What’s Close to the Edge?To determine whether an image wrap is best for your image, start by looking at the elements that are closest to the photo’s edge. Are these elements important to the photo, either by providing continuity, meaning, or any other way? If the important elements are wrapped to the side of the canvas, instead of being printed on the front, the result may be a less inspiring image. There can also be a risk of tricks of the eye that distract the viewer. To check if your image’s important elements are too close to the edge for an image wrap, open your photo in a photo editor like Photoshop. Next, size your photo at the size that you want to have it printed and add 3.5” to the width and 3.5” to the height (for a 1.5” depth wrap). Then measure in 1.75” on each side to see what will be wrapped on the sides of the canvas. If the important elements are in that 1.75”, you may want to consider how it will look in an image wrap and whether mirror wrap or a solid color wrap are better options for your vision. Alternatively, many times this type of image can be printed with an image wrap in a larger size.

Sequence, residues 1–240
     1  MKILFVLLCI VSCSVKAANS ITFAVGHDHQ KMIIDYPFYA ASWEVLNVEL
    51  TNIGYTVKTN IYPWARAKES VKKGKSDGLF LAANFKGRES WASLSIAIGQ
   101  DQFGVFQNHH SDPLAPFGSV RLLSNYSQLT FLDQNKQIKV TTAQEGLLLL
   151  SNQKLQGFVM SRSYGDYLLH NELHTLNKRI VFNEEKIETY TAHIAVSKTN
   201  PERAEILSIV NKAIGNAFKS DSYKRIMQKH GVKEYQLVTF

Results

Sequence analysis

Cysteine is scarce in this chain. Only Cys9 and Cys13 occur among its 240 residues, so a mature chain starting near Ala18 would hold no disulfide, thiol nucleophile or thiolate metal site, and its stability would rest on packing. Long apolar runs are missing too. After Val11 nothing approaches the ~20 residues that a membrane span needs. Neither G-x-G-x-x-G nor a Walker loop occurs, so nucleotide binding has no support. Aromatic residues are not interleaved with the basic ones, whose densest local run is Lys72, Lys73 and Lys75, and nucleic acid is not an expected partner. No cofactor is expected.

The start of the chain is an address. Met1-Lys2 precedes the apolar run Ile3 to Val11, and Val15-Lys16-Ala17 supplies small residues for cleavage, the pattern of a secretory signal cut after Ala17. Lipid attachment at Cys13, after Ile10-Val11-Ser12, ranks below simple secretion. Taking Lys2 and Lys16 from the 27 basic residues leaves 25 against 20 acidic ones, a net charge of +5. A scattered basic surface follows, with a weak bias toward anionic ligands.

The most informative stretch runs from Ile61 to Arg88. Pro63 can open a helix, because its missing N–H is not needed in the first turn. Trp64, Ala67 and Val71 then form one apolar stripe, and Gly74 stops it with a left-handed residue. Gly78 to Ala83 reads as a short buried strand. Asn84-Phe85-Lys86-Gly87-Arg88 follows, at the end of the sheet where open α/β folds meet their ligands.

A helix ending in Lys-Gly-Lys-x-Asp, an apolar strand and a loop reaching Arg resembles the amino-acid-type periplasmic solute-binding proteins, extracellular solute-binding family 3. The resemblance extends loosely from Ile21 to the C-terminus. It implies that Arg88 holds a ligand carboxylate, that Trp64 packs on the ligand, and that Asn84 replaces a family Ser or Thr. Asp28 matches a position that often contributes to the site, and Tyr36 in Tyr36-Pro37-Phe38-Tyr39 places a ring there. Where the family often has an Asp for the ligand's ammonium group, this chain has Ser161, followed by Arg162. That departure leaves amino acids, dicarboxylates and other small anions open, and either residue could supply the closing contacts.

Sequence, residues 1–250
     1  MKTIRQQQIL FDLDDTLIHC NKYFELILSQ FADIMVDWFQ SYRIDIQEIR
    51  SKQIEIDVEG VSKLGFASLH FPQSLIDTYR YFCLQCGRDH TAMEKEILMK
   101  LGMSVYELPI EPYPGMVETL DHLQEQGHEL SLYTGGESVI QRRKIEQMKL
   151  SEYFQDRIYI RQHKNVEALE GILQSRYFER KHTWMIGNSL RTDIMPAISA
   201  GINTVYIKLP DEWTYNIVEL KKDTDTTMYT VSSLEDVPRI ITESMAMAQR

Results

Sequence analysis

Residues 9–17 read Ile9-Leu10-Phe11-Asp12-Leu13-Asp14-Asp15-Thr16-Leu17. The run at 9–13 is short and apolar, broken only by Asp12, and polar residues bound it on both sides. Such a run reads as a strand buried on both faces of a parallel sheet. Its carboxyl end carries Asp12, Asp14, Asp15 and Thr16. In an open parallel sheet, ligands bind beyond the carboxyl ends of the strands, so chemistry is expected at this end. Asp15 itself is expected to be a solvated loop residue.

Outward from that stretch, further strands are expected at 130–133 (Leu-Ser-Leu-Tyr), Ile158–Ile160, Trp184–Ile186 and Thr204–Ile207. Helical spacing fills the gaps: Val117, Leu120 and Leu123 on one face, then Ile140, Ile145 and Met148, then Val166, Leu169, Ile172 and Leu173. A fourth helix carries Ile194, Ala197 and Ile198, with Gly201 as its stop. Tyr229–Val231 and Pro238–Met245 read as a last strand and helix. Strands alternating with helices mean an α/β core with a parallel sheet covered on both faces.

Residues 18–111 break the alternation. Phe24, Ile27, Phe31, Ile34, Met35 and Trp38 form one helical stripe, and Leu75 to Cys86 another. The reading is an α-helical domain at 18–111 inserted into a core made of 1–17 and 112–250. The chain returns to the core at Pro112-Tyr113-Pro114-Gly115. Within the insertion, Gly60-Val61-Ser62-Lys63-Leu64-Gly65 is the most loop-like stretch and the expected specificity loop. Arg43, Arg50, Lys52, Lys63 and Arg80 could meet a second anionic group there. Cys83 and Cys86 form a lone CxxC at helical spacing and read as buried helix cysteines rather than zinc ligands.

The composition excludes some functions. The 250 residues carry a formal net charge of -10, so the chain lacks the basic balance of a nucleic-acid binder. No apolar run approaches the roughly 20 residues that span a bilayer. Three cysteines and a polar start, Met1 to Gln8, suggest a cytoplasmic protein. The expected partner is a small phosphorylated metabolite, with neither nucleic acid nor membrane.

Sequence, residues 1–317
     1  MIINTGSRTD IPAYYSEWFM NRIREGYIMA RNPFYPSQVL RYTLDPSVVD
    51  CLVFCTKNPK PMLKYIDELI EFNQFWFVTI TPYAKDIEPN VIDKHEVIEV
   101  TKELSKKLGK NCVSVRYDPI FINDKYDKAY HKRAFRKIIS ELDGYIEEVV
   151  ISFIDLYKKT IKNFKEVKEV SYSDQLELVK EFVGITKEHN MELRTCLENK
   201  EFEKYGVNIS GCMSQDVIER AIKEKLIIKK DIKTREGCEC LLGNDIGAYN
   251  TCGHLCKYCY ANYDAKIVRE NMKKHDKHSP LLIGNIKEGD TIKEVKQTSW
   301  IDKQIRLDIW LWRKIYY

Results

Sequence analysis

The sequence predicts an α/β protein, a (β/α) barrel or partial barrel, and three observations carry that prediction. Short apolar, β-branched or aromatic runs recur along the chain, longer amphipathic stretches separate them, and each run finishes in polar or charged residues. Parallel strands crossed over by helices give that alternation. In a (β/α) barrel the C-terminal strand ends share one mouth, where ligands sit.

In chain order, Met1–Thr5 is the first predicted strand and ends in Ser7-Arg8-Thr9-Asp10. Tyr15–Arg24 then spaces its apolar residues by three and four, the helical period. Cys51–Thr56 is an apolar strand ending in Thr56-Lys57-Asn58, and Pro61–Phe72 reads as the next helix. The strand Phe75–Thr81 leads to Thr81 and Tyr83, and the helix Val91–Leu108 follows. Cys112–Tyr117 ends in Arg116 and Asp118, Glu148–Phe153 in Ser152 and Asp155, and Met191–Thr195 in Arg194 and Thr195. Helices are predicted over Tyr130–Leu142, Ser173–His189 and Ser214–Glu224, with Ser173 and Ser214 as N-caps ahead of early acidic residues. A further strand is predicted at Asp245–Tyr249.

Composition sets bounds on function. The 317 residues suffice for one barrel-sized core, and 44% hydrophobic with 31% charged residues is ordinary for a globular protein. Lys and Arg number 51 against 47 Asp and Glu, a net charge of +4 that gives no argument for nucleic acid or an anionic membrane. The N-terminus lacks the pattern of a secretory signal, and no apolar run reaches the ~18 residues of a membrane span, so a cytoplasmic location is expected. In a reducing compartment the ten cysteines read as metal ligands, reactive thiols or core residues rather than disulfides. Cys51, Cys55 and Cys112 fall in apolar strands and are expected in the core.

What Types of Images Deserve Extra Caution?Portraits are especially susceptible to having important elements inadvertently wrapped to the canvas side. The reason for this is that the most important element of a portrait is the person (or people) in the image. If part of a person stretches over the side of the canvas, the eye does not “read” the image well and introduces distortion that isn’t really there. This most commonly happens with hair, shoulders, and arms in portraits. Other images to double-check for image wrap compatibility include:
- Smaller sized prints. 8”x8” and 8”x10” prints usually require cropping of an image. When you are working with these smaller sizes, it’s best to be aware of what will “travel” over the face of the canvas and become part of the image wrap. In these cases, a mirror wrap or solid color border might be the best bet.
- Panoramic photos. Especially in smaller heights, there is a risk that important elements will be wrapped in an image wrap with panoramic photos of tall subjects, such as skylines. Extended views of trees and similar subjects may have the same concerns. Fortunately, panoramics still make a strong impact with solid color and mirror wraps.
This article is written for Canvas Press. To find out more about Canvas Press’products visit www.canvaspress.com.